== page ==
I have been giving this one a run for it’s money..$6.49 to be exact. Merry Christmas to me.

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    Home users looking for greater security and privacy can use Anonymous Proxy Mode to ensure privacy from their internet surfing.

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    • Hey Delenn13,

      Yes indeed – Merry Christmas to you. 🙂

      Very good move BTW. Took a quick look – very much like the Expat mode. In fact, just got off BBC iPlayer (using Expat Shield) after watching David Attenborough’s latest – Africa (episode one) which was recommended by my UK good friend, Michael Fisher. Totally AWESOME program. Highly recommend since it won’t be on PBS for at least a year, or more.



  5. Reblogged this on projectz and commented:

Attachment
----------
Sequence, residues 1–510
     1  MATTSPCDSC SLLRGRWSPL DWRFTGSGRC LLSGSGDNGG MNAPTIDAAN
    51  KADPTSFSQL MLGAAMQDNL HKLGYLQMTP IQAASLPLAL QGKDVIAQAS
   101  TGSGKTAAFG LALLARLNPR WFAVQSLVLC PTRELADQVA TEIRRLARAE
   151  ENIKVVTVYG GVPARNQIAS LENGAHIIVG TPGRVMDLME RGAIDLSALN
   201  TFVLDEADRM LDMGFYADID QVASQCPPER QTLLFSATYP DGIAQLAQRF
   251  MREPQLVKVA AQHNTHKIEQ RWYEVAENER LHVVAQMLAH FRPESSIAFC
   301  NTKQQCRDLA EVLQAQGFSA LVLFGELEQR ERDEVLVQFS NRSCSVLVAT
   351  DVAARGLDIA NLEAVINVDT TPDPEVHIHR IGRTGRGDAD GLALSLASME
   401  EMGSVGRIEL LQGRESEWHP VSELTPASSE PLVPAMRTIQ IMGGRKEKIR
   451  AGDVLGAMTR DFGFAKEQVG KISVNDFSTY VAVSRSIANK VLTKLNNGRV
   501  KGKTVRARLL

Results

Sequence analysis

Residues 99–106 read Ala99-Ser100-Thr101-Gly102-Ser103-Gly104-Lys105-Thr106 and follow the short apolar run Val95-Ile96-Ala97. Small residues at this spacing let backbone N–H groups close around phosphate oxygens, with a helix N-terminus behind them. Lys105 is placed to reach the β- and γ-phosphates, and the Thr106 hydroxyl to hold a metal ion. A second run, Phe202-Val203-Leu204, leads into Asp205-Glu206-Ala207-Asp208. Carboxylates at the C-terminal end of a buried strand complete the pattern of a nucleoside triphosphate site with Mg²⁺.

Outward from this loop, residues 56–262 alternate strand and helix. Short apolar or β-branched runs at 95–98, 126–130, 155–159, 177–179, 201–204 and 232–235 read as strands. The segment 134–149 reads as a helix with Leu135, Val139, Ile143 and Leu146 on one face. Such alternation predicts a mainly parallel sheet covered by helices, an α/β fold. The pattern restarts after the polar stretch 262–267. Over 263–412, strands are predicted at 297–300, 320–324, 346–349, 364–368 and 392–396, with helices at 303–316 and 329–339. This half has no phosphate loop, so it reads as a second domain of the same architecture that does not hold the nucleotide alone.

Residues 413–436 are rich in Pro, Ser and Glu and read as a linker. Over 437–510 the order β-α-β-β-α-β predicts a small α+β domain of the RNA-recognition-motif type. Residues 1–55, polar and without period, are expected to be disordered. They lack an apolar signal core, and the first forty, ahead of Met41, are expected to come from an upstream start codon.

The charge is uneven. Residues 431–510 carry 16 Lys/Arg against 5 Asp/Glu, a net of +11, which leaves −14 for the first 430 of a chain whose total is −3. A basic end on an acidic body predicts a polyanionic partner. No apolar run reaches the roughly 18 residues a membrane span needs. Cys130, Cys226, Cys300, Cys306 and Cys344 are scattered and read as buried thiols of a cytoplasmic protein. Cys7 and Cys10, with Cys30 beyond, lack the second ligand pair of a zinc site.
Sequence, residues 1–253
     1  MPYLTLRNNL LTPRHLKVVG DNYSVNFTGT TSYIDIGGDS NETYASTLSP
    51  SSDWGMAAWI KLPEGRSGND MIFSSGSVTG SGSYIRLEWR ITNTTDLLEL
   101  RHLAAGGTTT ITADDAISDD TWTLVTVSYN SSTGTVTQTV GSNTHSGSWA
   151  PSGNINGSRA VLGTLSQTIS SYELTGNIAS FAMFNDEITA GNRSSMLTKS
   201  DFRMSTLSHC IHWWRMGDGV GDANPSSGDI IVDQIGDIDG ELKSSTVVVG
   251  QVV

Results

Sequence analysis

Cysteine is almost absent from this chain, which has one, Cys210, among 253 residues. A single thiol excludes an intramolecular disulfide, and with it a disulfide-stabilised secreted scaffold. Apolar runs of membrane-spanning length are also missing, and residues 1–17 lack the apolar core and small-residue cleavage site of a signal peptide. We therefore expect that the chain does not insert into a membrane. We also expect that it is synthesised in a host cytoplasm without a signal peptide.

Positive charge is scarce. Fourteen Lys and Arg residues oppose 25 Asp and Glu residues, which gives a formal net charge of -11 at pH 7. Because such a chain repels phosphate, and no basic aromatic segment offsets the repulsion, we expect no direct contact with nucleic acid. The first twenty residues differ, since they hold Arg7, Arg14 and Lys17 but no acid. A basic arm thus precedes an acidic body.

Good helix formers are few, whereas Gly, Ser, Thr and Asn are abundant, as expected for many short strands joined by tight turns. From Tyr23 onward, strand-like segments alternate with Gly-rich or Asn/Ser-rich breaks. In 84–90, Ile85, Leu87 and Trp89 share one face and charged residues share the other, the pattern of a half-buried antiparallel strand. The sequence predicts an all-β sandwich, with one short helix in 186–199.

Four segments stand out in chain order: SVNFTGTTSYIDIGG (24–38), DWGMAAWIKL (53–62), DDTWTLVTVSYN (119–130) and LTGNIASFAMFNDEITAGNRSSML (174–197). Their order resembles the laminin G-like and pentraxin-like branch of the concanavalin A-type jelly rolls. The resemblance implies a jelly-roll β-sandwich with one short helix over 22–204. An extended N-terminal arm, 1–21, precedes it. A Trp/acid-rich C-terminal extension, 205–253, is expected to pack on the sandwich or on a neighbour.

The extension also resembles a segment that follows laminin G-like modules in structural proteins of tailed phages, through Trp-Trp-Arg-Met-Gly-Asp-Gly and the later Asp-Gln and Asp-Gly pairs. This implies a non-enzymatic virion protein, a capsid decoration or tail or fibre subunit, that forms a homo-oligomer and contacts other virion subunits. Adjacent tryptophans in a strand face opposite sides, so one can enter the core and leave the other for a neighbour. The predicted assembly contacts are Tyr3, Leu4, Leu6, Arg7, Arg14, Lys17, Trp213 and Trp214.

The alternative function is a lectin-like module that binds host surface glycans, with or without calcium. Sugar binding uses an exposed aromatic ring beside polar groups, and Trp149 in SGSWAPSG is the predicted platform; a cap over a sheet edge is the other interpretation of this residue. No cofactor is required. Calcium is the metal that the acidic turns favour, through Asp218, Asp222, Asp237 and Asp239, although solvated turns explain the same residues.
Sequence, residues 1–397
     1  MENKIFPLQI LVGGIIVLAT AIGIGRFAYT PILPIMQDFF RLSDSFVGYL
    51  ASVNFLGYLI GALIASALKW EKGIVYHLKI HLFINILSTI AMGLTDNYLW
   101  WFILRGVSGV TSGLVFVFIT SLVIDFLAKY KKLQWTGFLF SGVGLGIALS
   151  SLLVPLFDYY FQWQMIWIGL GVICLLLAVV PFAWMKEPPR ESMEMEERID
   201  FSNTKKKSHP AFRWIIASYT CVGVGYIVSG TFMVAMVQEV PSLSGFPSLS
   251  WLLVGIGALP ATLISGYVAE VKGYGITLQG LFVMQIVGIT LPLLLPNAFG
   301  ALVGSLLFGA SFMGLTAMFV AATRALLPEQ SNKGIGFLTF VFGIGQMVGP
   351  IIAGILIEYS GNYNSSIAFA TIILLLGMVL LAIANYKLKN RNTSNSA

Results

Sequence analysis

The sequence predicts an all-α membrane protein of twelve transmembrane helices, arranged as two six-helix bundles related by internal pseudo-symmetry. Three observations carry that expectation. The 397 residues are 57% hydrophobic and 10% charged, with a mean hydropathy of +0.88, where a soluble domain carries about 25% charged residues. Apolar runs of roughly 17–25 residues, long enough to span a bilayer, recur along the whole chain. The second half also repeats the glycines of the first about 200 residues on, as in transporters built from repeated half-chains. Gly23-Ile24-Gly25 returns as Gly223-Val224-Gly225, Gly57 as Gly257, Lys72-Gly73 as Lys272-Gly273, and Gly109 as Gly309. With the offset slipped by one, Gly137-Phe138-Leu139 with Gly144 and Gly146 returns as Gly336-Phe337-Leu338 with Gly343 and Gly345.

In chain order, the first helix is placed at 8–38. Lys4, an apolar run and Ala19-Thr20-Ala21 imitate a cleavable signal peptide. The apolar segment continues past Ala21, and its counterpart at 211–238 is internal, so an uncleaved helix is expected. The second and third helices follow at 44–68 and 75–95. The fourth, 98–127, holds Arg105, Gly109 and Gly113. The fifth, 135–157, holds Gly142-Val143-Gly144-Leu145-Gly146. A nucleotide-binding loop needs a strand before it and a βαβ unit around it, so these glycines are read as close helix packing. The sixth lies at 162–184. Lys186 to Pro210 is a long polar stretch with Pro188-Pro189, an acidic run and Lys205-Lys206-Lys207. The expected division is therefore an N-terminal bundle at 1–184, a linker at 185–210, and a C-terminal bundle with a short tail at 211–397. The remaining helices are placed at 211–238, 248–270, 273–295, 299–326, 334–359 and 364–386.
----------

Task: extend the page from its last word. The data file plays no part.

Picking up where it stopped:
Nice system, great review

  6. kuro

    I’m using Vpn one click (now is free for windows) and the Express vpn. are both Amazing.
    I tried also:
    Hot spot shield but I had a lot of connection problems.
    Hide my ass, too much expensive.
    Tunnelbear.. but I hate the graphic and also the Bears.

  7. Hey Bill,

    Good to see you back again enjoying the posts, this one I am gonna try as its hard to find free, trusted VPN services.


    • Hey Neeraj,

      I should point out that recently, I’ve experienced a connection delay when opening Tunnel Bear.

      It’s the same old story – as soon as a service becomes popular, there’s a risk of the service becoming overloaded with users. And, that makes your observation – “its hard to find free, trusted VPN services” – very pertinent.

      Great to hear from you.



      • I faced the same issue with Hotspot shield and was never able to connect to internet.

        You are right even if it is a paid service and becomes popular then it is not easy to manage the service. The companies who do, they top the field.